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A brief rant

Now something weird happened, and I think I will vent my frustration and my preoccupation here.
Sorry to use you guys as a lightning rod, but sometimes blogs are also useful as safety valves.

The thing goes like this.
I am told that many of the ills of our current culture depend on the fact that we grew up with the Classics, that are basically books written by misogynistic, racist white heterosexual males, and therefore we all turned out—well, bad.
11848986Having enjoyed the works of, say, Charles Dickens, I am obviously a misogynist with little or no respect for other cultures1.
The thing, in all honesty, reminded me of the old George Orwell warning, that any kid growing up with Tarzan would turn into an animal-killing big game enthusiast.

Is it possible?
Indeed it is.
Is it a given? Thank goodness no.
Like that guy said

The past is a foreign country; they do things differently there.

Most of our old classics were penned by people we would not like to have at our table. You can find sexist jokes in Shakespeare, Odysseus is very bad to women, and yes, Charlie Dickens had a penchant for male heterosexual protagonists. So did Ray Chandler.
And yes, you can actually pick up bad habits and bad ways of thinking from the classics – but you are not fated to do so, always and every time.

The thing that upsets me, about this whole thing is not the objection to certain contents in books that are indeed a foundation of our culture (or somebody else’s culture), but the idea that as humans we have no control.
No control at all.
200px-Bleakhouse_serial_coverRead Mein Kamppf, and you will turn into a Nazi.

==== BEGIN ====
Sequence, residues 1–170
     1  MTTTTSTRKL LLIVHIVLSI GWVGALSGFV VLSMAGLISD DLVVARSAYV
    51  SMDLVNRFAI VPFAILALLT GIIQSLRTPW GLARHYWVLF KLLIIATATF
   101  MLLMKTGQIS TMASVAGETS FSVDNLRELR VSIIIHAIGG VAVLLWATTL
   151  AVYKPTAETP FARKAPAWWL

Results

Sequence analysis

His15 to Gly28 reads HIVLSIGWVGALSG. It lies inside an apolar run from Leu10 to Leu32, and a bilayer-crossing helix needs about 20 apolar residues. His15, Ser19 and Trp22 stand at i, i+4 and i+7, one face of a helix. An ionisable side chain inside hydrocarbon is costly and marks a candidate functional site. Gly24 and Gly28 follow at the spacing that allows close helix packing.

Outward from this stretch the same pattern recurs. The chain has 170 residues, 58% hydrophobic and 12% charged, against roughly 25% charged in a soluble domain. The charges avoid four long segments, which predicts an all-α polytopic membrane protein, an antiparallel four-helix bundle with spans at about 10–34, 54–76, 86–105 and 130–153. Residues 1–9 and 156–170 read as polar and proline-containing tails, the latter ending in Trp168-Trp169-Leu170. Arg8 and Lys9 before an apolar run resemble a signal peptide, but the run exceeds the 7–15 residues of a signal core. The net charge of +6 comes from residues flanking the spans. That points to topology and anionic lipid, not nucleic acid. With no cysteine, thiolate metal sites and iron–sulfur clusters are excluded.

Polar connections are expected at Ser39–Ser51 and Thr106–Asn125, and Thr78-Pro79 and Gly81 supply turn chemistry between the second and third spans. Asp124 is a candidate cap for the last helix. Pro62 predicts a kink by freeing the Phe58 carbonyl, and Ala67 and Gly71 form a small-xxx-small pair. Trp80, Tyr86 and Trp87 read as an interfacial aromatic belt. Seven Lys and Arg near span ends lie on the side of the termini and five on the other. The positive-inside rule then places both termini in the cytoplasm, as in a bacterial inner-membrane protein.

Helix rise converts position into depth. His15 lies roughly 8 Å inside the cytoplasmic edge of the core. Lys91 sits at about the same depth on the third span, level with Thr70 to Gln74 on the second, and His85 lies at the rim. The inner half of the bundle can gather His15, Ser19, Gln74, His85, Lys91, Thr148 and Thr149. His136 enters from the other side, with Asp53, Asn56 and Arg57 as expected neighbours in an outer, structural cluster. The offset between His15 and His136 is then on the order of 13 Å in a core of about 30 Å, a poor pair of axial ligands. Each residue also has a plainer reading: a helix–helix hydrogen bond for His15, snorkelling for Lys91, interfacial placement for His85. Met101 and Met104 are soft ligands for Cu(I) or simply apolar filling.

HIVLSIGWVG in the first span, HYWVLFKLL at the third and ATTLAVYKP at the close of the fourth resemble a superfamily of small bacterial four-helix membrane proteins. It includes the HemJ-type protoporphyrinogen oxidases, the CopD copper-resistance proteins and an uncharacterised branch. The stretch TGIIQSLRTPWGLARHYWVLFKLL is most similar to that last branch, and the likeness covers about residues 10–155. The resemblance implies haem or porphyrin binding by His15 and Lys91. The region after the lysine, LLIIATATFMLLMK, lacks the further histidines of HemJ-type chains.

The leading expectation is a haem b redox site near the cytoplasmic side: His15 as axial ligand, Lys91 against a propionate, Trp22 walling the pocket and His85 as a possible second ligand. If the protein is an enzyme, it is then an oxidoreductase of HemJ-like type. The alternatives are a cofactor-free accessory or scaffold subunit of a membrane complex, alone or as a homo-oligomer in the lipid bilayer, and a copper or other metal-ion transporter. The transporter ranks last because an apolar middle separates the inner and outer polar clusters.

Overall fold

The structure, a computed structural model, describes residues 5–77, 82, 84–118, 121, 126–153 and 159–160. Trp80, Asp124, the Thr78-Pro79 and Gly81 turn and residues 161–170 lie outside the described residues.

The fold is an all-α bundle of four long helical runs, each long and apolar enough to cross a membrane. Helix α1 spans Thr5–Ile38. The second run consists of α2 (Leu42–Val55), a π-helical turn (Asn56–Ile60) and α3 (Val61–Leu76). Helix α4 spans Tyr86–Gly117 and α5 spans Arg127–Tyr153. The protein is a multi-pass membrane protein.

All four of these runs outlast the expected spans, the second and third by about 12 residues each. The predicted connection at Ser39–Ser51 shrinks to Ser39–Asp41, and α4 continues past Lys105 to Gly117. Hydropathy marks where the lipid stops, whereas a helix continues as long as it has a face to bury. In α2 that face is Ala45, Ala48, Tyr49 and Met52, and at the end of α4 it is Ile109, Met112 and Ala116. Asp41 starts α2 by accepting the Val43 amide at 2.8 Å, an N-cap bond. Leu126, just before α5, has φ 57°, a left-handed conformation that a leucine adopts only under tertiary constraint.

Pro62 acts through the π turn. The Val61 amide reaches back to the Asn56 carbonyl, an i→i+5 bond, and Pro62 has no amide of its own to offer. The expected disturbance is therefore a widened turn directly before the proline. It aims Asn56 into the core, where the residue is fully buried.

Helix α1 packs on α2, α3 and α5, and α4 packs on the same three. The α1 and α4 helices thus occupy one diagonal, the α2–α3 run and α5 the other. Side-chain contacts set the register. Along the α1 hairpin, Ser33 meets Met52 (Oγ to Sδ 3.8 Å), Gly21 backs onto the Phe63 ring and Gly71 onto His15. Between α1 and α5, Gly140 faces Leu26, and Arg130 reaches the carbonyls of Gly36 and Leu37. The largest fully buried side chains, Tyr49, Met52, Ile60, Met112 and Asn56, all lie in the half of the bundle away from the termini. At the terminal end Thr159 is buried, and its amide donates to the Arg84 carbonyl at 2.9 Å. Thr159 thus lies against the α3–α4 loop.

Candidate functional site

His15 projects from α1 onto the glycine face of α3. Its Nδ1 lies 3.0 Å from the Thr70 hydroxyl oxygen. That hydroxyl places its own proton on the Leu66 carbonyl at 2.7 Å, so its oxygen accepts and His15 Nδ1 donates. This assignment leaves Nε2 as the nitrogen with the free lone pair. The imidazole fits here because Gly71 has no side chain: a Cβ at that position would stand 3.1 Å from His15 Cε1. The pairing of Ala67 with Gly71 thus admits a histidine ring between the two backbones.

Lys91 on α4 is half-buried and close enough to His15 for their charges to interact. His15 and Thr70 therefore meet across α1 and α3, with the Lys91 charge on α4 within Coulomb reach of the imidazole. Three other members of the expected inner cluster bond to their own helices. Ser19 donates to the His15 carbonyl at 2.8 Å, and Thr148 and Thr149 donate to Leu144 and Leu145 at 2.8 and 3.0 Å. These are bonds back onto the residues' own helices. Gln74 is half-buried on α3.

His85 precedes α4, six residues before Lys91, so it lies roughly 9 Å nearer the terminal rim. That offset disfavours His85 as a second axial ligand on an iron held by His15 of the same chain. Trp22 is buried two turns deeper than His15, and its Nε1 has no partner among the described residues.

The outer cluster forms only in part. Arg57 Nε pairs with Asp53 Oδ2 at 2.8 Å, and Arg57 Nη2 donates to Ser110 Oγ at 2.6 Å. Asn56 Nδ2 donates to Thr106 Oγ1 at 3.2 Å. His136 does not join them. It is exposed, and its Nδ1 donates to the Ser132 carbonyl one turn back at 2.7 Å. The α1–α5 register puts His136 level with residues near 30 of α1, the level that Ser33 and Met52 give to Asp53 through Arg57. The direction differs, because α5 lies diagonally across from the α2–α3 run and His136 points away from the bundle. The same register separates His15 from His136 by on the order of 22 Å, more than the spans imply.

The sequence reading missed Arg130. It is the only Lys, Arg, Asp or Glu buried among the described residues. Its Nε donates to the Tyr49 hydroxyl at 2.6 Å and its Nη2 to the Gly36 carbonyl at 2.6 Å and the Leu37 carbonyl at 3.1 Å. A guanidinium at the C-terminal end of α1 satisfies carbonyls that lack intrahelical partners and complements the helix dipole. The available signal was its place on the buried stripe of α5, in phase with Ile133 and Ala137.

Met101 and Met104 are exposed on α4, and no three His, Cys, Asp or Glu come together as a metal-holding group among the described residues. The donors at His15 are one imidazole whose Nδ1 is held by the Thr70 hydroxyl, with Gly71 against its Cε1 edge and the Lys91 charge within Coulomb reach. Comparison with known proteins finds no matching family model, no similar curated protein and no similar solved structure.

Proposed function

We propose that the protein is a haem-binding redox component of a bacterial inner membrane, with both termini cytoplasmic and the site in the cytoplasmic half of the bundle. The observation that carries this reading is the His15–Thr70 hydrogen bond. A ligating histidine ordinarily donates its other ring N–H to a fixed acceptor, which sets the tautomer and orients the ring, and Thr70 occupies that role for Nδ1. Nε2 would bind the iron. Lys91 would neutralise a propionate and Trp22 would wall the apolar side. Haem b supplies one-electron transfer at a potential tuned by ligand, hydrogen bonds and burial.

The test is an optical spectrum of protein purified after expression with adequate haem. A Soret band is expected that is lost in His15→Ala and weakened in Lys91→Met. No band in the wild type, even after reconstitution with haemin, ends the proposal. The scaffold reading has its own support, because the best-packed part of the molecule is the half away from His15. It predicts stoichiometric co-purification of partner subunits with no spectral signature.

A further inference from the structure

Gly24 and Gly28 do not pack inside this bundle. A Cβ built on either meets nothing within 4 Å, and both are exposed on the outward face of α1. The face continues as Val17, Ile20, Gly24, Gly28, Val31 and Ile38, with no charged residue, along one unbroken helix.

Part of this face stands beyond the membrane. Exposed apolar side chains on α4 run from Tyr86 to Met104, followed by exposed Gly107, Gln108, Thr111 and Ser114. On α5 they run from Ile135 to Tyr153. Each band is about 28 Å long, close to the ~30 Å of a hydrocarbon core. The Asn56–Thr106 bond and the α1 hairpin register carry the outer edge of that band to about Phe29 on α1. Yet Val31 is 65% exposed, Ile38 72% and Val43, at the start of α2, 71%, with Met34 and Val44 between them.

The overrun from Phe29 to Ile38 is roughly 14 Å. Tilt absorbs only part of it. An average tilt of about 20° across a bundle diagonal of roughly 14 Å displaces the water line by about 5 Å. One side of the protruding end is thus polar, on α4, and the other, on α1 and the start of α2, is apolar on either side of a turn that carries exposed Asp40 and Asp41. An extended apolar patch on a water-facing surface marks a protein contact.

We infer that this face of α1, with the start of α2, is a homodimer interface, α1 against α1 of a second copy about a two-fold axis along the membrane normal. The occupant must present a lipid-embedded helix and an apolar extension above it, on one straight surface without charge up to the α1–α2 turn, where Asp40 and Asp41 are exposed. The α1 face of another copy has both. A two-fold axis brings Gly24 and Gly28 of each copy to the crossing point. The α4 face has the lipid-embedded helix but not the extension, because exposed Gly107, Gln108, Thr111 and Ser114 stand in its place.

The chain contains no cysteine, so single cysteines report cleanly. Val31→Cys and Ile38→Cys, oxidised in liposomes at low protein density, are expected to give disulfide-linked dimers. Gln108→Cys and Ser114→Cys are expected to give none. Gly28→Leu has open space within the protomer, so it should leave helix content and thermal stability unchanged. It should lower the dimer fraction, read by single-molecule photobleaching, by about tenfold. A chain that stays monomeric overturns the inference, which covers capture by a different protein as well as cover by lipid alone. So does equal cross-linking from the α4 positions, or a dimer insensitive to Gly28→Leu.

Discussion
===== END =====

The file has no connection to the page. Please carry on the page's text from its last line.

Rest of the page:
Read Tarzan of the Apes and you’ll book a safari to kill a few lions.
Read Bleak House, and you’ll treat women like dirt.
And you can say “hey no, not me!”, but that’s not enough.
First, because you are obviously biased and are defending your biases.
Second, because even if you do not, somebody will.
So we must—

Here is where apparently my position is unpopular.
Because I say that the only way to do it, the only way to make sure that any damage that an old book can do to our society is minimized if not eliminated, is to teach people to think critically. By expanding the curriculum and enriching the bibliography, by adding authors from different cultures, by promoting debate and criticism.
And we should also have a modicum of faith in the human being, in Homo sapiens sapiens’ ability to learn from errors, and to be in control of his own intellectual development, and not just a vessel waiting to be filled with prejudices by any cultural artifact that comes at hand.

We are a little better than that.
We can be a little better than that.
Once you start burning or banning books, you are on a bad track.

let’s ignore for the time being the fact that Dickens is, to me, “another culture”, just as Dumas, Cervantes, Wu Cheng-En, and Poe and Muhammad Husain Jah,  and Mark Twain are – my culture should be Ariosto and Tasso and Calvino and Eco… but OK, let’s forget about that. ↩
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